The card option controls 152 may have “shuffle deck” 163 that may simulate shuffling of the batting playing cards 100. Further, the card option controls 152 may have “turn card” 164 that may display the card at the top of the deck, “shuffle hitting cards” 165 that may simulate shuffling of the hitting situation playing cards 121 and “shuffle running cards” 166 that may simulate shuffling of the running situation playing cards 131.

The Level I playing cards 153 may display the deck as the cards are played. The Level II playing cards 154 may display the hitting situation playing cards 121 and running situation playing cards 131 as the cards are played. The electronic scorecard 155 may automatically keep tally of data traditionally recorded in a manually recorded baseball scorecard. The electronic baseball field 156 may advance runners on base automatically in accordance with the cards sequentially revealed. The electronic baseball field 156 may display hits and/or may display how each hit is fielded. The electronic scoreboard 157 may automatically keep tally of the runs scored by each player during each inning. The baseball song controls 158 may allow the player(s) of the electronic version 150 to select a song to play during the game.

The arrangement 180 of the display means 145 a, 145 b may be played according to the guidelines of the board game, except the elements may be programmed and/or may be represented electronically. Other automated features may have the selection and customization of the ball field to resemble major league ball parks, fireworks, fans cheering, and the calculation of player statistics. Player statistics may be saved at the end of a game. Advertising may be provided on the center field, outfield fences, and/or playing cards.

It should be understood that various changes and modifications to the presently preferred embodiments described herein will be apparent to those skilled in the art. Such changes and modifications may be made without departing from the spirit and scope of the present invention and without diminishing its attendant advantages. It is, therefore, intended that such changes and modifications be covered by the appended claims.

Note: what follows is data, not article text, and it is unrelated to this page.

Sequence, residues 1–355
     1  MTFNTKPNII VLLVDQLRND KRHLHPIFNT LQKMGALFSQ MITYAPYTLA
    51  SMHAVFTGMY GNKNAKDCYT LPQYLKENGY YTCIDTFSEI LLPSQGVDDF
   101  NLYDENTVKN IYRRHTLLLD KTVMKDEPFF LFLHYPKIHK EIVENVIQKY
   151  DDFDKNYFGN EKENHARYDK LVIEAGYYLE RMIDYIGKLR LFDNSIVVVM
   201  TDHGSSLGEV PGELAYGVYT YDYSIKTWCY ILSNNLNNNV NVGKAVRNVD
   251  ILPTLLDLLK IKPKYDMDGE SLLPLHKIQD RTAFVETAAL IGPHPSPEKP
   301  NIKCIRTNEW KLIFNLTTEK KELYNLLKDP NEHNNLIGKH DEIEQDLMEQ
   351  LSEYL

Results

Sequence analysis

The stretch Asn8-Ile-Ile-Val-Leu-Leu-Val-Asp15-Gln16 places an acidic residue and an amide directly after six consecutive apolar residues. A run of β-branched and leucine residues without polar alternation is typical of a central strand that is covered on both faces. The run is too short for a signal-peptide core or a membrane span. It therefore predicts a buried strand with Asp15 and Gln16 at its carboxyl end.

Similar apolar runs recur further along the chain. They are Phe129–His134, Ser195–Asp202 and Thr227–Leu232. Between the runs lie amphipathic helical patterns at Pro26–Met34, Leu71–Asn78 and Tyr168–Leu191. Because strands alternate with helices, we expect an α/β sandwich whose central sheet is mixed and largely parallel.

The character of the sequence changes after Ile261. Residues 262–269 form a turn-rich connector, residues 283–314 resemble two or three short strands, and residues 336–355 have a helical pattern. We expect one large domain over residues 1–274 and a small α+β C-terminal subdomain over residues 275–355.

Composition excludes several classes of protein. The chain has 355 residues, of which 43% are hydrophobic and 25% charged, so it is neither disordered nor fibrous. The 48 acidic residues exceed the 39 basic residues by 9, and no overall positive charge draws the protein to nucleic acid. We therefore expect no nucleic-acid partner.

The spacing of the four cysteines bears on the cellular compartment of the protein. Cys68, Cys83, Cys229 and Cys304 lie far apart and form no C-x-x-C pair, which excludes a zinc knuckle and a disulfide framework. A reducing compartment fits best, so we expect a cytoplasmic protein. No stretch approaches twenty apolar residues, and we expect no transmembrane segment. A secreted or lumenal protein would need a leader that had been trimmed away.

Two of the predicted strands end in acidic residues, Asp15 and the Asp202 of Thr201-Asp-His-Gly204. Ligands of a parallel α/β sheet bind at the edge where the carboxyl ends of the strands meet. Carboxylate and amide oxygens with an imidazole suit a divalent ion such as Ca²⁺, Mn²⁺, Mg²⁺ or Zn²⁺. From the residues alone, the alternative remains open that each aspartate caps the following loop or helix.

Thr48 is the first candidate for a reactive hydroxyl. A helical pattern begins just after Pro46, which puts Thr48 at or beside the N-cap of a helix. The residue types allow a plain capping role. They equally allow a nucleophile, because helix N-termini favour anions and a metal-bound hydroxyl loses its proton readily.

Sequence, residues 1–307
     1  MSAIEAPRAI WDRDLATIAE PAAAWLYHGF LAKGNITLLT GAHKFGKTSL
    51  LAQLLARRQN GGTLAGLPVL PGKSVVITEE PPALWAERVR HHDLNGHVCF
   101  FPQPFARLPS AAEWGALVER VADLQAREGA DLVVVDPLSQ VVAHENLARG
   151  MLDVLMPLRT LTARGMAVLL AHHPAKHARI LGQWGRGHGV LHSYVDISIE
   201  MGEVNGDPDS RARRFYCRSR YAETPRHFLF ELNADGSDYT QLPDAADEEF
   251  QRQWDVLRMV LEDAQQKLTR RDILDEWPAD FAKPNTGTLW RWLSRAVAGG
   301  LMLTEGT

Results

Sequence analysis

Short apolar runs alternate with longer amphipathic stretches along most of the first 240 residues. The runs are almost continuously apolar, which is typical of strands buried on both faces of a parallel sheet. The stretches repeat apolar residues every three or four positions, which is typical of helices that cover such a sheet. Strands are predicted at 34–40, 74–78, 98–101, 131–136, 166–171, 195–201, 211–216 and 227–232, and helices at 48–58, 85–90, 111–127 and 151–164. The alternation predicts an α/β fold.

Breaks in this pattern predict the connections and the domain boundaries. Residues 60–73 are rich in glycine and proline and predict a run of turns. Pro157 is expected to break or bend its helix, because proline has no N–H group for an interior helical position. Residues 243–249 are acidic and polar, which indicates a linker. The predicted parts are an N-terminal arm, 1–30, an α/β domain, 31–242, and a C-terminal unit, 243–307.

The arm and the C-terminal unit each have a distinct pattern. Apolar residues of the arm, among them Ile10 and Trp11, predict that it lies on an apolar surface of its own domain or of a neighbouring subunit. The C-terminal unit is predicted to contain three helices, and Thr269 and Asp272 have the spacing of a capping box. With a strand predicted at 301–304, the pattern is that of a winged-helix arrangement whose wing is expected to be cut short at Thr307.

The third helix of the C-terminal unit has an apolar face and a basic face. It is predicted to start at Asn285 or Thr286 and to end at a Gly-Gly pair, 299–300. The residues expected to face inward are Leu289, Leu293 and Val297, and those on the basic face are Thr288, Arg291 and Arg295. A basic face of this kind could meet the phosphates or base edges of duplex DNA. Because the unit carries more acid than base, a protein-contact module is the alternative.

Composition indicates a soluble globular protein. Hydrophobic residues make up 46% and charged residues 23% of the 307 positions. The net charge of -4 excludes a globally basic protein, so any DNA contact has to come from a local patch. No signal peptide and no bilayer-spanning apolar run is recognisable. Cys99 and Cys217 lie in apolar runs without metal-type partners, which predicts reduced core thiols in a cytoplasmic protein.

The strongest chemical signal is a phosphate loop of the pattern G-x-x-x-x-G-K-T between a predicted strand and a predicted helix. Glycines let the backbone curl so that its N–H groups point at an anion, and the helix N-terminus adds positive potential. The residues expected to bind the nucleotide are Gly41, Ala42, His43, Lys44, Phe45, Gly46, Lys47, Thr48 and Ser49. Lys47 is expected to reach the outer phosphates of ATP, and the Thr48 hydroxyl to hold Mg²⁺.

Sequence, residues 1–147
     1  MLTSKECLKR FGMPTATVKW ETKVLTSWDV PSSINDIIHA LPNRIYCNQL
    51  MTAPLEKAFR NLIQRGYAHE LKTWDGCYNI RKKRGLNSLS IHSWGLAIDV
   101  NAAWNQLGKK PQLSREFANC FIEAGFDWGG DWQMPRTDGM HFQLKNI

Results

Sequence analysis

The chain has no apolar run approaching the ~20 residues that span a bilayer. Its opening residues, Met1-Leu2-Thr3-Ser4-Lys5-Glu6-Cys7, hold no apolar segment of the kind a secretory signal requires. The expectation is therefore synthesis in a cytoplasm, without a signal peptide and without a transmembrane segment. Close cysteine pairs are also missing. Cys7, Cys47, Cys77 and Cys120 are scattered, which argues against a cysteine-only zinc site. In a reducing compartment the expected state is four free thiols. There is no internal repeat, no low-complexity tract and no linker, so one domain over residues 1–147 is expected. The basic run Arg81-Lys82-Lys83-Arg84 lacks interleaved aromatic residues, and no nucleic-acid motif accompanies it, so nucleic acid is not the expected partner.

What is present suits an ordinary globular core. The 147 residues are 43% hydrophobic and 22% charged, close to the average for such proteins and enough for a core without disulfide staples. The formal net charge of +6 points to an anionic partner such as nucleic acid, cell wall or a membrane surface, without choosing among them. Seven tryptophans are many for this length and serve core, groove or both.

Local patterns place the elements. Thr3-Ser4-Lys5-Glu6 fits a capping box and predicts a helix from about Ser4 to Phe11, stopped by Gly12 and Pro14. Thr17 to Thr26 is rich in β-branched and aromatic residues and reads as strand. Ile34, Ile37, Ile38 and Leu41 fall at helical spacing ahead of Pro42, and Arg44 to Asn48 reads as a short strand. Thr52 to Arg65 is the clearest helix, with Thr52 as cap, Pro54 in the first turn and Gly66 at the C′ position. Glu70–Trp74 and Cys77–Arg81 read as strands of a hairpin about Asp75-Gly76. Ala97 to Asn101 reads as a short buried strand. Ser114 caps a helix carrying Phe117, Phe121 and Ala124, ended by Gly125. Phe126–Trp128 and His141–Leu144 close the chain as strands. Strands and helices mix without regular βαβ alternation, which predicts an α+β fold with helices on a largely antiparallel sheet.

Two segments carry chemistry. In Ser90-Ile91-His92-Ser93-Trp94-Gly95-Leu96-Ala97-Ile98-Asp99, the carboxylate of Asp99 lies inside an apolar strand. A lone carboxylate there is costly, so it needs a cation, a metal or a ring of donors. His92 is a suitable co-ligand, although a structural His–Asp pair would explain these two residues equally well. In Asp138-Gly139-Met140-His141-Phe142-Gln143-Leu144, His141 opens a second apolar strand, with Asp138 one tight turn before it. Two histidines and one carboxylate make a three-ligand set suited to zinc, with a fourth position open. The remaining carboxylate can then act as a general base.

Patent Citations
Cited PatentFiling datePublication dateApplicantTitle
US336076Feb 16, 1886 Parlor base-ball game
US812048May 16, 1904Feb 6, 1906George Frank KirbyGame apparatus.
US840584Aug 3, 1906Jan 8, 1907Roy W PiperGame apparatus.
US957872Dec 5, 1908May 17, 1910William H EnnisCard-game apparatus.
US1153899Nov 30, 1914Sep 21, 1915Eli V ElcouinPlaying-cards.
US1161770Feb 19, 1914Nov 23, 1915Harry M HatfieldGame.
US1170821Nov 27, 1914Feb 8, 1916Orlando R KellerGame.
US1177677Mar 25, 1915Apr 4, 1916Ira M BeamPlaying-cards.
US1259987Jun 16, 1916Mar 19, 1918John Walter HuffCard game.
US1530316Mar 9, 1923Mar 17, 1925Hammons Ray DBaseball card game
US2283578Apr 18, 1941May 19, 1942Rogers James SBaseball game
US2742290Mar 2, 1953Apr 17, 1956John W FasanaSimulated baseball game
US3528661Aug 9, 1968Sep 15, 1970Warner Stanley ABaseball game
US3957269 *Mar 21, 1975May 18, 1976Reginald BouchardTactical baseball game
US4210335Jul 28, 1977Jul 1, 1980Licciardi Bartholomew ABaseball game
US4504056 *Oct 6, 1982Mar 12, 1985Tomy Kogyo Co., Inc.Toy having playing surface with rotating member located thereon
US4773650 *Sep 30, 1985Sep 27, 1988Doughty Donald DMethod of playing a football board game
US5407204 *Mar 29, 1994Apr 18, 1995Meyer, Iii; Albert G.Baseball card board game
US5762337Aug 9, 1996Jun 9, 1998Clutch Games, Inc.Apparatus and method of playing a baseball board game
US5884914 *Aug 27, 1997Mar 23, 1999Lilien; MitchellIndoor baseball board game
Referenced by
Citing PatentFiling datePublication dateApplicantTitle
US7766337Aug 19, 2008Aug 3, 2010Soarex, Inc.Game apparatus
US8753125 *Aug 4, 2009Jun 17, 2014Arnot Dawn Havis LibbyLanguage study game board
Classifications
U.S. Classification273/239, 273/244.1
International ClassificationA63F3/00
Cooperative ClassificationA63F7/06, A63F2001/0441, A63F7/0608, A63F1/04, A63F3/00
European ClassificationA63F3/00
Legal Events
DateCodeEventDescription
Sep 23, 2011FPAYFee payment
Year of fee payment: 4